Ever wondered How Jantar Mantar got its name? Well, the name is derived from Yantra, instrument, and Mantra, for formula or, in this context, calculation. Therefore, Jantar Mantar literally means - calculation instrument. Jantar Mantar is colloquially equated with the magical practices where Mantar refers to the incantation (or spell) and Jantar Mantar refers to questionable magical arts (astrology falling into such arts).The yantras have evocative names like, samrat yantra, jai prakash, ram yantra and niyati chakra; each of which are used to for various astronomical calculations. The primary purpose of the observatory was to compile astronomical tables, and to predict the times and movements of the sun, moon and planets. So today, let us have a look at one such Yantra Mantra complex called the Jantar Mantar, which is situated in Jaipur.
The Jantar Mantar is a collection of architectural astronomical instruments, built by Maharaja Jai Singh II at his then new capital of Jaipur between 1727 and 1734. It is modelled after the one that he had built for him at the Mughal capital of Delhi. He had constructed a total of five such facilities at different locations, including the ones at Delhi and Jaipur. The Jaipur observatory is the largest and best preserved of these. It has been inscribed on the World Heritage List as an expression of the astronomical skills and cosmological concepts of the court of a scholarly prince at the end of the Mughal period. Early restoration work was undertaken under the supervision of Major Arthur Garrett, a keen amateur astronomer, during his appointment as Assistant State Engineer for the Jaipur District. This observatory has religious significance, since ancient Indian astronomers were also Jyotisa masters.
The observatory consists of fourteen major geometric devices for measuring time, predicting eclipses, tracking stars location as the earth orbits around the sun, ascertaining the declinations of planets, and determining the celestial altitudes and related ephemerides. Each is a fixed and focused tool. The Samrat Yantra, the largest instrument, is 90 feet (27 m) high, its shadow carefully plotted to tell the time of day. Its face is angled at 27 degrees, the latitude of Jaipur. The Hindu chhatri (small cupola) on top is used as a platform for announcing eclipses and the arrival of monsoons.
Built from local stone and marble, each instrument carries an astronomical scale, generally marked on the marble inner lining. Bronze tablets, all extraordinarily accurate, were also employed. Thoroughly restored in 1901, the Jantar Mantar was declared a national monument in 1948. An excursion through Jai Singh s Jantar is a unique experience of walking through solid geometry and encountering a collective astronomical system designed to probe the heavens.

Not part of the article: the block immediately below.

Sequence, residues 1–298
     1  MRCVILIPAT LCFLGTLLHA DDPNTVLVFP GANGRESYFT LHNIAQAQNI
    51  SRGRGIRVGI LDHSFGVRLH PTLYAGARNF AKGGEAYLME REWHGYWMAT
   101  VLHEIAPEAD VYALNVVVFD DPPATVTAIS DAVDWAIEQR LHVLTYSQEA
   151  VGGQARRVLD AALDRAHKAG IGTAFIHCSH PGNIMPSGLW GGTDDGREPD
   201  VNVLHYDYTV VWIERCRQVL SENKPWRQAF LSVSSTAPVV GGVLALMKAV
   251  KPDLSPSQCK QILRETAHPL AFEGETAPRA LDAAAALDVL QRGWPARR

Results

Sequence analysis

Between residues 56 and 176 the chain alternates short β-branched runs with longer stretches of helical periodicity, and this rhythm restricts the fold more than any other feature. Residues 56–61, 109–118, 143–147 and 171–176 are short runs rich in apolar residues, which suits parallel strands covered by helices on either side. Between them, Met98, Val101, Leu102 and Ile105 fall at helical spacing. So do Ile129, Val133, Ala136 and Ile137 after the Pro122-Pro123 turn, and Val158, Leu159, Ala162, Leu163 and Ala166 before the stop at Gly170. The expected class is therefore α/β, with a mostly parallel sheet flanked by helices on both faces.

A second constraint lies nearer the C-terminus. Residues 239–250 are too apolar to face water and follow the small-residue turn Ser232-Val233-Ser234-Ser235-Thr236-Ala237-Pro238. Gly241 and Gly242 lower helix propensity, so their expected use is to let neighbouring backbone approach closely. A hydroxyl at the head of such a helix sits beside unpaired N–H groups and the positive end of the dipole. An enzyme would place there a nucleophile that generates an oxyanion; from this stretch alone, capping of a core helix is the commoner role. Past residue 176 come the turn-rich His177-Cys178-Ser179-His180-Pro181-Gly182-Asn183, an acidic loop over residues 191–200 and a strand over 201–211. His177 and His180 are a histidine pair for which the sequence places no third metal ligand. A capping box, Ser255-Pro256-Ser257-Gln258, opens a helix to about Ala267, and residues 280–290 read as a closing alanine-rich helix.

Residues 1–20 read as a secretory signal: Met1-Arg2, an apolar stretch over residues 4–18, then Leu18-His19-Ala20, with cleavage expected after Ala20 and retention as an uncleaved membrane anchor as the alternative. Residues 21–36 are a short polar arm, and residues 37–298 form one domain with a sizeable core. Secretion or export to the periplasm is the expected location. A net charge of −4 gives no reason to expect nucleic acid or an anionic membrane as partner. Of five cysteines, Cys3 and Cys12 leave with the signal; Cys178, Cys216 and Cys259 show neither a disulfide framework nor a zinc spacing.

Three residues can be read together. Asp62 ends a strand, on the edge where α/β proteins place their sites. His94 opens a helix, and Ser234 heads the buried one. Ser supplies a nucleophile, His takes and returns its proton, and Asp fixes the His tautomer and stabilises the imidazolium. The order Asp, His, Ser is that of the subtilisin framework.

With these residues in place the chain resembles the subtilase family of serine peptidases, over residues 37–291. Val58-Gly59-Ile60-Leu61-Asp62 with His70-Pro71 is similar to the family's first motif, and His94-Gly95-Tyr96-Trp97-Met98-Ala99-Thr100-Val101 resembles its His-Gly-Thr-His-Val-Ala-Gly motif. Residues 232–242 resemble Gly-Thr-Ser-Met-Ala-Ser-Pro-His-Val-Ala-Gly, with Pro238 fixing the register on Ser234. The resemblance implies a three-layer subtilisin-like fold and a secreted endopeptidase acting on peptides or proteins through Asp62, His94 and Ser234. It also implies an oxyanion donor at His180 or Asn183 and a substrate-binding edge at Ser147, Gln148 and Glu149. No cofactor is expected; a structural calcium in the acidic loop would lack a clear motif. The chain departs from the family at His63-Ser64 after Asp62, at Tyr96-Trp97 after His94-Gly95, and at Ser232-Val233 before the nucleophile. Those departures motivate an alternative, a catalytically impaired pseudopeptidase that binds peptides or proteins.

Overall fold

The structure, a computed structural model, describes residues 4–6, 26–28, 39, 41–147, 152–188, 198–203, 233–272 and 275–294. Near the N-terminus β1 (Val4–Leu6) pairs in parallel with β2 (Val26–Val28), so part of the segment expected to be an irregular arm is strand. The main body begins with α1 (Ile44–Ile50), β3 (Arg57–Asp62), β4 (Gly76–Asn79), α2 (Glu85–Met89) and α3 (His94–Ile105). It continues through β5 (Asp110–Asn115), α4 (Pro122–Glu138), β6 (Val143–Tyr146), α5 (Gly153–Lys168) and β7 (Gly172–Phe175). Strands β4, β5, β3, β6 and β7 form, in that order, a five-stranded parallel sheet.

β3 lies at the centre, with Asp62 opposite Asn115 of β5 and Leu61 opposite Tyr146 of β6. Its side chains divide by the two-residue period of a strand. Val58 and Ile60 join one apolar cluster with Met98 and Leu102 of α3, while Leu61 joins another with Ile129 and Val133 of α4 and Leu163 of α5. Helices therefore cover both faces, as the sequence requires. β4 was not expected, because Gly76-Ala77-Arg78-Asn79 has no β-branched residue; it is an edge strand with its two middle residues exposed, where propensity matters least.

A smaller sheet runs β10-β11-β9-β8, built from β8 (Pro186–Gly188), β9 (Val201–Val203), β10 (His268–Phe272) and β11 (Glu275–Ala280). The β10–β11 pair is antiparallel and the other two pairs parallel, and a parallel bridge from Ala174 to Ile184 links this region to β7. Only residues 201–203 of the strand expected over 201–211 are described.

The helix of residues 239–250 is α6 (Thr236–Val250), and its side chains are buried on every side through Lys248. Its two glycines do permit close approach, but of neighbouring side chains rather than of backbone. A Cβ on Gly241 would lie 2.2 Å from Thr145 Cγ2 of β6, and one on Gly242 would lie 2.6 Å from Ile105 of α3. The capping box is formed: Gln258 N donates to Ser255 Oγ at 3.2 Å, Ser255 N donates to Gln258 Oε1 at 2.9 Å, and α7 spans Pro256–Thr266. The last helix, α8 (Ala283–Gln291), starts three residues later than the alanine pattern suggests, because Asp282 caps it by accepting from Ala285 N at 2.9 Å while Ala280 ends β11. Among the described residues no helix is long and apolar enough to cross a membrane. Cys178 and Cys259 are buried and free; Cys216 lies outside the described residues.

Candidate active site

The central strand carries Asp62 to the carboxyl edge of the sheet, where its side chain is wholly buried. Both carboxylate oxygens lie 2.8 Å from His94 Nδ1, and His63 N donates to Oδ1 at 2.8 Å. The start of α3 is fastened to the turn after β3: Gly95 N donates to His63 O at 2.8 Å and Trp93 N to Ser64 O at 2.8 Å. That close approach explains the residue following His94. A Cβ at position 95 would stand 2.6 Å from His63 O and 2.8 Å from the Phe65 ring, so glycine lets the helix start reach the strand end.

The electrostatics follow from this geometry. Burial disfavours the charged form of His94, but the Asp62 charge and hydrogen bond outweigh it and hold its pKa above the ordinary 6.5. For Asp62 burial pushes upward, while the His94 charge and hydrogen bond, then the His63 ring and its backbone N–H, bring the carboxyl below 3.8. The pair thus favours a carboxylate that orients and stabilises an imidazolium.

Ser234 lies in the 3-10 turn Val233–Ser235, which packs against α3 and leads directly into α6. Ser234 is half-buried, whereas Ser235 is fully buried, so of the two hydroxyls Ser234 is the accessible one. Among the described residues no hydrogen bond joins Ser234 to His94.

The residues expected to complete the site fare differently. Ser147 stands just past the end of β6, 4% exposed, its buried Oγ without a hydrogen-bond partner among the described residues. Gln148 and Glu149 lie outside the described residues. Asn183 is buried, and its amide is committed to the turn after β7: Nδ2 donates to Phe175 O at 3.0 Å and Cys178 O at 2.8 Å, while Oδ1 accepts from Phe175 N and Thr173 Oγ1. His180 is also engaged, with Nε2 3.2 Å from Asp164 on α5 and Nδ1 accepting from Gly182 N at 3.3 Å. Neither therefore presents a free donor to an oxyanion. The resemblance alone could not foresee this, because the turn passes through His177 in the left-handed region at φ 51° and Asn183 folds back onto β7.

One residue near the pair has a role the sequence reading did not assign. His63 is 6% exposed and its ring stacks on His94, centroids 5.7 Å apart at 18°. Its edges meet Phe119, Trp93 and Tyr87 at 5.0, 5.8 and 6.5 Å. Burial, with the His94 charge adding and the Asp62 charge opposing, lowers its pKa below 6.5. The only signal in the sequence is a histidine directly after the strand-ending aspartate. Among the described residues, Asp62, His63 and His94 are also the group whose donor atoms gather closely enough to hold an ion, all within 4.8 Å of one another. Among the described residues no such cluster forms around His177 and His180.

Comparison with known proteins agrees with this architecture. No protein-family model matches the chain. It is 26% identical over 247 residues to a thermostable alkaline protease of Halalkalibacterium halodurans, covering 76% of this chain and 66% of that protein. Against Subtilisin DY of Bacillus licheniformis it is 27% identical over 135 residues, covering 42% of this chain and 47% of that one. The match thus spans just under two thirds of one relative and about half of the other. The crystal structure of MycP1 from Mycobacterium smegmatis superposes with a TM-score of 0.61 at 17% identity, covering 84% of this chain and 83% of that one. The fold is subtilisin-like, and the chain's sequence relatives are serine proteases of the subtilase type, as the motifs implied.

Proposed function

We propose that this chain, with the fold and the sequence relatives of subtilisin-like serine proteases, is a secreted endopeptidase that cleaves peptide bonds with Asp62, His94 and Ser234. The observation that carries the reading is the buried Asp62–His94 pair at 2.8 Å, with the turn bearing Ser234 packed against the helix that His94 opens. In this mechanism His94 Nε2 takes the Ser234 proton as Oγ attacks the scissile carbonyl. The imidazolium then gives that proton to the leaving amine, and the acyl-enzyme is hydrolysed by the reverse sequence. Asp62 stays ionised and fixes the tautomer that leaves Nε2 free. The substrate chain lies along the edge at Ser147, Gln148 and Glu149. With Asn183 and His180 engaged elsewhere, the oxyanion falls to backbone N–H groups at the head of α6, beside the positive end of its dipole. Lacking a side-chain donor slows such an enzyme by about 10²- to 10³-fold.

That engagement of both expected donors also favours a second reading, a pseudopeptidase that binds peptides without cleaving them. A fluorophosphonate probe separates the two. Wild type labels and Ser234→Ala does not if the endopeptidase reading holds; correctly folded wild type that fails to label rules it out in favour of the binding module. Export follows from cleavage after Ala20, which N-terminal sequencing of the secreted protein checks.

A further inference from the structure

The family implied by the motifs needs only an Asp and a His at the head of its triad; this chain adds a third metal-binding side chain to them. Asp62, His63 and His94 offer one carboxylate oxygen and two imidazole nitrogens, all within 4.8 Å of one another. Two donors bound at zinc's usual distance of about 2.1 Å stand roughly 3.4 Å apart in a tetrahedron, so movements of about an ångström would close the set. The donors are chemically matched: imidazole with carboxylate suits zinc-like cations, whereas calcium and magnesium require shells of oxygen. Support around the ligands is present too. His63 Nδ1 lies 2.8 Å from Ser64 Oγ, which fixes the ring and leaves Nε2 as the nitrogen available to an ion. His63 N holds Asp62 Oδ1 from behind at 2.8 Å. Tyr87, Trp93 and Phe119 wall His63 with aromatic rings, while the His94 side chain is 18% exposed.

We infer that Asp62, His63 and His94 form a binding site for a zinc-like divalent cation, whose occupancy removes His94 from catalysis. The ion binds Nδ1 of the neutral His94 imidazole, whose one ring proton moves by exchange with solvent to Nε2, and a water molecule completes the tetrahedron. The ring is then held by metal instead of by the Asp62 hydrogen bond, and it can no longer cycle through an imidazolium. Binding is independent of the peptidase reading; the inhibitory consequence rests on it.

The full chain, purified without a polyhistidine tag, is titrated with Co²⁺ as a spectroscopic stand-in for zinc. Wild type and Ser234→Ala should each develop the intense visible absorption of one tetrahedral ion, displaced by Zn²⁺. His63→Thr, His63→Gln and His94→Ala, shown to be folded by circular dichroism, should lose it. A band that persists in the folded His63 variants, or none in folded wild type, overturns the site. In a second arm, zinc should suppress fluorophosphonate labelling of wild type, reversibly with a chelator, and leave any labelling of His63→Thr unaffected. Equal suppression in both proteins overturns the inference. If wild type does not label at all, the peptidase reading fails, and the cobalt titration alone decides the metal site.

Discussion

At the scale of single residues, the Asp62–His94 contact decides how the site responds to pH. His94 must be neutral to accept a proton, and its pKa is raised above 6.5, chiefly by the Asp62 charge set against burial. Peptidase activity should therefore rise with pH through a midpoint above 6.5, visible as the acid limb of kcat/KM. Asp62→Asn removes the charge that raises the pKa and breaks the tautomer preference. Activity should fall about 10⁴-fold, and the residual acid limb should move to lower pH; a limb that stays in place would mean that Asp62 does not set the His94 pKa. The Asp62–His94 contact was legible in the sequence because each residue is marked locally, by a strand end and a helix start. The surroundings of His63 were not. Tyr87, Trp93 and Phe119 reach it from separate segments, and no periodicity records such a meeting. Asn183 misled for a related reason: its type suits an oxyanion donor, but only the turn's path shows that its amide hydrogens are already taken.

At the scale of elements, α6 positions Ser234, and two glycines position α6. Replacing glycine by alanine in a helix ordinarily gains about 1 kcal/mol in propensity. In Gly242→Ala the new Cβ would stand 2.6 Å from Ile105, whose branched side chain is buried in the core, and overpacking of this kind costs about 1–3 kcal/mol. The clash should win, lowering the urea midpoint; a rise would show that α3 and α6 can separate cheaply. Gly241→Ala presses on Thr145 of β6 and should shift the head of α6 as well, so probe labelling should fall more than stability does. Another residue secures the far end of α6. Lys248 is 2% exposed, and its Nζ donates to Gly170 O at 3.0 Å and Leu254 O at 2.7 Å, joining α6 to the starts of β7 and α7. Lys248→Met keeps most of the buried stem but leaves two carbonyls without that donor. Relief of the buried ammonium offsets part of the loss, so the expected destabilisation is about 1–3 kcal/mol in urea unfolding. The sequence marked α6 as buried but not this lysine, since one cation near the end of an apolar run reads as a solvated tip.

The instruments are in most cases huge structures. The scale to which they have been built has been alleged to increase their accuracy. However, the penumbra of the sun can be as wide as 30 mm, making the 1mm increments of the Samrat Yantra sundial devoid of any practical significance. Additionally, the masons constructing the instruments had insufficient experience with construction of this scale, and subsidence of the foundations has subsequently misaligned them. The samrat yantra, for instance, which is a sundial, can be used to tell the time to an accuracy of about two seconds in Jaipur local time. The Giant Sundial, known as the Samrat Yantra (The Supreme Instrument) is the world s largest sundial, standing 27 meters tall. Its shadow moves visibly at 1 mm per second, or roughly a hand s breadth (6 cm) every minute, which can be a profound experience.
Today the observatory is a popular tourist attraction. However, local astronomers still use it to predict the weather for farmers, although their authority is becoming increasingly questionable. Students of astronomy and Vedic astrology are required to take some of their lessons at the observatory, and it can be said that the observatory is the single most representative work of Vedic thought that still survives, apart from the texts. Many of the smaller instruments display remarkable innovation in architectural design and its relation to function, for instance - the Ram Yantra.
The Jantar Mantar consists of 13 architectural astronomy instruments. The site is one of five built by Maharaja Jai Singh II of Jaipur, from 1724 onwards, as he was given by Mughal emperor Muhammad Shah the task of revising the calendar and astronomical tables. There is a plaque fixed on one of the structures in the Jantar Mantar observatory in New Delhi that was placed there in 1910 mistakenly dating the construction of the complex to the year 1710. Later research, though, suggests 1724 as the actual year of construction. The primary purpose of the observatory was to compile astronomical tables, and to predict the times and movements of the sun, moon and planets. Some of these purposes nowadays would be classified as astronomy.
Many people believe in astronomy, while many don’t. But whichever category you fall in, if you love history, then this place is definitely made for you. Do visit the place in case you are in Jaipur and let it amaze you.